Networking Hardware Quick Guide

This document describes the basic hardware components of networking.

A modem is a device that interprets data that it is receiving from an Internet Service Provider (ISP) and translates that data into information that is usable in a home network (ie through wifi or ethernet). When setting up a service with an ISP like AT&T or Charter Internet, the service provider will feed a wire into your house that will provide the data for a modem to receive. Modems are often provided by your ISP.
There are two types of modems:

  1. DSL Modem - used for DSL internet, the cable that your ISP will feed into your house is a phone line.
  2. Cable Modem - used for cable internet (television lines), the cable that your ISP will feed into your house is a television cable (coaxial)

NOTE: These types of modems are NOT compatible with each other

Modem.jpg

A switch is a device that takes one LAN/Ethernet port and splits that data into multiple LAN/Ethernet ports. A switch does not broadcast a wireless signal.
There are two types of switches:

  1. Fast Ethernet Switches which have a maximum transfer speed of 100Mbps (Megabits per second)
  2. Gigabit Ethernet Switches which have a maximum transfer speed of 1Gbps (Gigabit per second, 1Gbps is approximately equal to 100Mbps)
Switch.jpg

A router is a device that controls and coordinates data between the network it is connected to and remote networks. To explain this a little further, when the modem recieves a packet of information from the web it sends that information to the router and the router determines which device on the network that information belongs to. Likewise when a device on the network sends a packet of information to the web the router will determine where that packet needs to go and send it on to the modem.

A personal router is a device that can be plugged into a modem and will serve as a router, an access point (something that broadcasts a wireless signal to create a Wi-Fi network), and a switch, Some times routers and modems can be built into the same unit but these are not too common and DoIT does not sell these

Major Specifications

  • Speed
    • This is the speed that the router is capable broadcasting at, note that often times getting a faster router does not mean that you will get faster speeds as the speed of a network is usually limited by the Internet Service Provider or ISP (ie AT&T or Charter Internet).
  • Dual Band
    • A dual band router is equipped to broadcast the network at two different networks, one that is at 2.4GHz and another that is at 5.0GHz
    • Tri Band routers also exist but they are not widely available.
  • Ports
    • Routers will always have LAN or Ethernet ports - these are used to plug devices directly into the network via an Ethernet cable
    • Routers will also always have a single WAN port - this is the port that the router uses to get data from the modem, it must be plugged in in order for a network to be broadcasted
    • Some higher end routers will also have USB ports on them, which can be used with devices like wireless printers
  • Quality of Service (QoS)
    • QoS is a method for controlling traffic priority on networks. It is analogous to a traffic cop, when there is a lot of traffic on the network it decides which is more important than the rest. The rules for how QoS decides what is most important can be decided by the user and is often based on criteria such as IP address or MAC address.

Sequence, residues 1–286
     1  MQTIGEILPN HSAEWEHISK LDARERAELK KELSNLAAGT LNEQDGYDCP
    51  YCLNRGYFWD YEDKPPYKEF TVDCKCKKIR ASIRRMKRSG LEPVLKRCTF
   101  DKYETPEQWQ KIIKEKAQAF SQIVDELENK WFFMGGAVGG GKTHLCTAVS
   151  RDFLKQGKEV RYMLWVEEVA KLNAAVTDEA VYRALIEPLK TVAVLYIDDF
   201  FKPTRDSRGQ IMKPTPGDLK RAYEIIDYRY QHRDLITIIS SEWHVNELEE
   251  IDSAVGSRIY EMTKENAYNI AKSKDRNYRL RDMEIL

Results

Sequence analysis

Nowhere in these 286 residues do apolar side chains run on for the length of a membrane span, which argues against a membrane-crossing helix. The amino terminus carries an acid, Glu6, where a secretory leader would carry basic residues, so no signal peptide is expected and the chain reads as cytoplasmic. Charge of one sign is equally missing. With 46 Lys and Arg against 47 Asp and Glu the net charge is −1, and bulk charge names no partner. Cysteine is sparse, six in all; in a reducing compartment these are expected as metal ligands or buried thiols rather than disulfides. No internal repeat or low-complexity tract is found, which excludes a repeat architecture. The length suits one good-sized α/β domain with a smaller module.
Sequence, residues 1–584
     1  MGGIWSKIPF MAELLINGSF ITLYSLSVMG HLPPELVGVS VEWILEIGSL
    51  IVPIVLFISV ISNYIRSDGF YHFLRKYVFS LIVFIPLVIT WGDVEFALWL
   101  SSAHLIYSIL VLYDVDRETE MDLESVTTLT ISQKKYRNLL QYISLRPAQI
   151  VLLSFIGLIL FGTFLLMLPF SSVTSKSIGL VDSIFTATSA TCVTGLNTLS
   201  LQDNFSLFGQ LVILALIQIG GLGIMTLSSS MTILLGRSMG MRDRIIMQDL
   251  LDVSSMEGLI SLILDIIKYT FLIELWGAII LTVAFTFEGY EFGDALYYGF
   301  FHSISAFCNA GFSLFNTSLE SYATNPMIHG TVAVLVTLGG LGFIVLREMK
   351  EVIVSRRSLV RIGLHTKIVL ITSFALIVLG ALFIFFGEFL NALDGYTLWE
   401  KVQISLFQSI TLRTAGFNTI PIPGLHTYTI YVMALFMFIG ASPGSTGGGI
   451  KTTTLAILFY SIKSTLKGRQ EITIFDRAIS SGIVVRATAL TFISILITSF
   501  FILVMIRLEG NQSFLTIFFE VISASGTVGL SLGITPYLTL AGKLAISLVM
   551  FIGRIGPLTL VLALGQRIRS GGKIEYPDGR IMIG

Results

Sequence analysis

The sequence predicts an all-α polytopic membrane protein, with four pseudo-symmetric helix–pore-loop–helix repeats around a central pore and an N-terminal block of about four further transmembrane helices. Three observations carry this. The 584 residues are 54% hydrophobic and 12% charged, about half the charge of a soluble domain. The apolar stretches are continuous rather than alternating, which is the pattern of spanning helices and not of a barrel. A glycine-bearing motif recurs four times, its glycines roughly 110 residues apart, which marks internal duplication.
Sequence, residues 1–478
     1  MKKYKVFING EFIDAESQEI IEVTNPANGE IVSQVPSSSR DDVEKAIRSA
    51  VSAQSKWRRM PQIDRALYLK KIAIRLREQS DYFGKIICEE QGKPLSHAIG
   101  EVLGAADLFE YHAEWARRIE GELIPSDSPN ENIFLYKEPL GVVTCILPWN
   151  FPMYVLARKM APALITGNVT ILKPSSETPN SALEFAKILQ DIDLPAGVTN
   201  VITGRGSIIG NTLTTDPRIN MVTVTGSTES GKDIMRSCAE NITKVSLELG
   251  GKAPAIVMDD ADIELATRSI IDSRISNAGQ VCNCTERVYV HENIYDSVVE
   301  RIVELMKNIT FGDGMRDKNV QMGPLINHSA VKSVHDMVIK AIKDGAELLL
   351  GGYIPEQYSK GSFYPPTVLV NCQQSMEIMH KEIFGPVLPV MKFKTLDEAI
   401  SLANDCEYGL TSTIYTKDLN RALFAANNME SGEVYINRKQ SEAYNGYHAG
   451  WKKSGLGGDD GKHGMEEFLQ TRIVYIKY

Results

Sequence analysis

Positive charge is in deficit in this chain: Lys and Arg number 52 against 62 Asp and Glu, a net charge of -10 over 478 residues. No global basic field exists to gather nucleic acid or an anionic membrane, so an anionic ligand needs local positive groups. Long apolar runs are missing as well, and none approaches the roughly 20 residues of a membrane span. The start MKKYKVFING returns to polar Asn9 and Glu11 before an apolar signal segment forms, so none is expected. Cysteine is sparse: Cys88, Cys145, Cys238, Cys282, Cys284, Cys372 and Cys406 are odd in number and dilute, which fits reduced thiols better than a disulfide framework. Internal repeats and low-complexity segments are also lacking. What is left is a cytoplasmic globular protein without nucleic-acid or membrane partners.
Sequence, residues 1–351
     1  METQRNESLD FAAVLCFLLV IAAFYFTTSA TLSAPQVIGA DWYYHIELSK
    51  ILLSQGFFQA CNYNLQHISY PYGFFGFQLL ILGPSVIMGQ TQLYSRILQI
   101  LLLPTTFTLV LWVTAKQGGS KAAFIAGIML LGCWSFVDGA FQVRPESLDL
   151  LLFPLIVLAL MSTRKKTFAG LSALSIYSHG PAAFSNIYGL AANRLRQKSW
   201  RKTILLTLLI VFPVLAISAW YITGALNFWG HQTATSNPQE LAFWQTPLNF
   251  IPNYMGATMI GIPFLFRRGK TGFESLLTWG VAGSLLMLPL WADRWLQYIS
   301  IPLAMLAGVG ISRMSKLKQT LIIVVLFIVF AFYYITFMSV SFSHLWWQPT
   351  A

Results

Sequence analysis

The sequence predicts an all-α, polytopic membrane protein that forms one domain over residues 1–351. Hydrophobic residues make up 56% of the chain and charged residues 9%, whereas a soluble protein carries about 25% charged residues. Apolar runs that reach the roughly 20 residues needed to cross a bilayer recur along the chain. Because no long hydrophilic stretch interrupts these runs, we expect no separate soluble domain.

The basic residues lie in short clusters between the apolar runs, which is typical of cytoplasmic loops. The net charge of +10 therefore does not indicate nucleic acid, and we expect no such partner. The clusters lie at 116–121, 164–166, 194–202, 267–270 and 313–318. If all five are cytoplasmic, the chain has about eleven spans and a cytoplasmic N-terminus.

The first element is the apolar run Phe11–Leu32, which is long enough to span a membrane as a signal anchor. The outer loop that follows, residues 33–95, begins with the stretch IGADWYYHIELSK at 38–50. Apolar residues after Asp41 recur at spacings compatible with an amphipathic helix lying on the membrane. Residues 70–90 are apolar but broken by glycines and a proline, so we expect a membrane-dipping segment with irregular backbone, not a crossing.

Why pay more for a higher end router

  • Features generally only found on more expensive routers:
    • Dual Band
    • Quality of Service
    • Higher Speeds
    • Larger Broadcast Range
  • So who needs these features?
    • Households with a lot of people/devices using the network at once (~5 or more devices).
    • Users that use lots of media entertainment (music, videos, games, etc.) should look into using Dual Band to set up a network only for media devices.
    • Users with a large household
Router.jpg

Network adapters are designed for computers that do not have the capability to connect to either a wired or wireless network themselves. Network adapters such as Ethernet to USB or Ethernet to Thunderbolt are used to allow a computer to plug directly into the network. Network adapters such as a USB wireless adapter are used for receiving wireless signals and delivering them to the computer.

NetworkAdapter.jpg

Like the name suggests, an extender is another broadcasting node of a wireless network. Thes are used in larger houses where a router alone isn't enough to get a good signal everywhere. Extenders are most effective when they are placed at the 'edge' of a home network to maximize the extended range.

Note: Always ask where the router is located in the house first and suggest that it be moved to a more central location if necessary.

Extender.jpg

Networking cards are installed inside a computer to provide more networking functionality. Wired network cards, when installed inside of a computer give an additional Ethernet port. Likewise you can have a wireless networking card that gives the computer wireless functionality.

Note: PCI vs PCI-Express connections - There are two different types of connections in which a network card can be plugged into a computer, they are NOT compatible

NetworkCard.jpg

Here is an illustration of how a home network functions:

Example.PNG



Keywords:modems switches routers network adapters range extenders cards simple home network   Doc ID:65396
Owner:Justin E.Group:DoIT Tech Store
Created:2016-07-22 17:19 CSTUpdated:2016-07-26 16:33 CST
Sites:DoIT Departmental Support, DoIT Help Desk, DoIT Repair, DoIT Tech Store, Product Management
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